Q: My husband and I are currently in the market to buy a home. At this time, we don’t have a buyers’ agent.

My husband is an experienced mortgage broker and he feels like he can handle the negotiation of a contract since he also has access to a real estate attorney. Do we need a buyers’ agent or not? Thank you.

A: The question you have to ask yourself is this: What do I gain or lose by using an agent to buy a home and what do I gain or lose if I don’t use one?

Here are the reasons to use an agent: You’ll work with someone who really knows the housing stock of a particular area, and has seen the houses get listed and sold with some regularity. This individual will ideally be well-versed in the goings-on in a particular neighborhood, and will be up-to-date on information about school districts, local public works projects that have been approved but perhaps have not yet begun, and other important quality of life issues.

Ideally, your agent will be scouting out properties for you to see that meet your needs, which will save you time, and will help you figure out whether you can afford many of your “wants” in the current marketplace. Your agent will also hopefully know the listing agent, or at least have a working relationship that allows your agent to find out what’s really going on behind the scenes with the seller, that can help you formulate your negotiation strategy.

What’s the downside to using an agent to buy property? I can’t think of too many. The money to pay the agent comes from the seller, so you shouldn’t have any out-of-pocket costs. You have the agent’s fiduciary duty to get you the property for the best price possible.

What happens if you don’t use an agent? Many buyers think that they’ll get the house for less. But that isn’t often the case because sellers who are selling by owner already know that they can save 4 to 6 percent by not using an agent.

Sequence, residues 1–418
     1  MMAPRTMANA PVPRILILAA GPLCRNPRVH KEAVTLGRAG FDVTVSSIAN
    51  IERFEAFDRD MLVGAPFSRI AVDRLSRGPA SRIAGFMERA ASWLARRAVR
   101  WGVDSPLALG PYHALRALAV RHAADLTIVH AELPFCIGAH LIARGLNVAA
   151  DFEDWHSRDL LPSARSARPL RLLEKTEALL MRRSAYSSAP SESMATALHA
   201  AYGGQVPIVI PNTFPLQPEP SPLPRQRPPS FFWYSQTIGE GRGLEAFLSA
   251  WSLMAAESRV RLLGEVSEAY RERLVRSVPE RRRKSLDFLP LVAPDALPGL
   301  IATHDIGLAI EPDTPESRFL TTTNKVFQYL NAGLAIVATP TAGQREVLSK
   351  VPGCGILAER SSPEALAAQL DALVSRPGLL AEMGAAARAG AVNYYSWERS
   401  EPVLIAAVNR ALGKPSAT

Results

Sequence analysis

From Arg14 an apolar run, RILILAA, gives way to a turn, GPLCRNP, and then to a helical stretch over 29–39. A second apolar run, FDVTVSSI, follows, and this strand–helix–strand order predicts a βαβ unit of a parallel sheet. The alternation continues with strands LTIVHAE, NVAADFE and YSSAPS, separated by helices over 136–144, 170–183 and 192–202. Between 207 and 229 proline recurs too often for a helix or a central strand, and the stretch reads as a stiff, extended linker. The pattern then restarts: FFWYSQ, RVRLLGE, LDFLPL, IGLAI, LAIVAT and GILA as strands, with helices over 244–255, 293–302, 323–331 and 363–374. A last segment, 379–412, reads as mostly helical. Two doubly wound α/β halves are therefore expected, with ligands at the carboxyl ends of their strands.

I have news for you — they’re not planning on putting that equity in your pocket. They’re planning on keeping that cash themselves.

If you come to the table without an agent, the seller won’t necessarily give you a better price and the listing agent may not have an incentive to reduce his or her commission to make the deal. If you negotiate the deal yourselves and you have a tough negotiation, some might say that you won’t have someone helping you remove the emotions from the transaction. Frequently, real estate agents are the ones that are able to make a deal happen.

Some buyers think that they can find a better deal on their own. They might be right. You’ll do the work at night, or perhaps while you’re at work. You’ll call to make the appointments, and will be more in charge. You’ll talk directly to the seller, which can be a plus or minus.

But I really think this question comes down to money. You and your spouse, like so many buyers, think you’ll get a better deal on your own. I’m not sure that’s true. I’m hoping it is true in your case. Saving that money will depend on the area in which you live, the type of home you are buying, the community you are buying in, and the number of homes available for sale in that community.

If you don’t use an agent, I’m glad you’re going to use a real estate attorney. No one should represent themselves in a major legal transaction.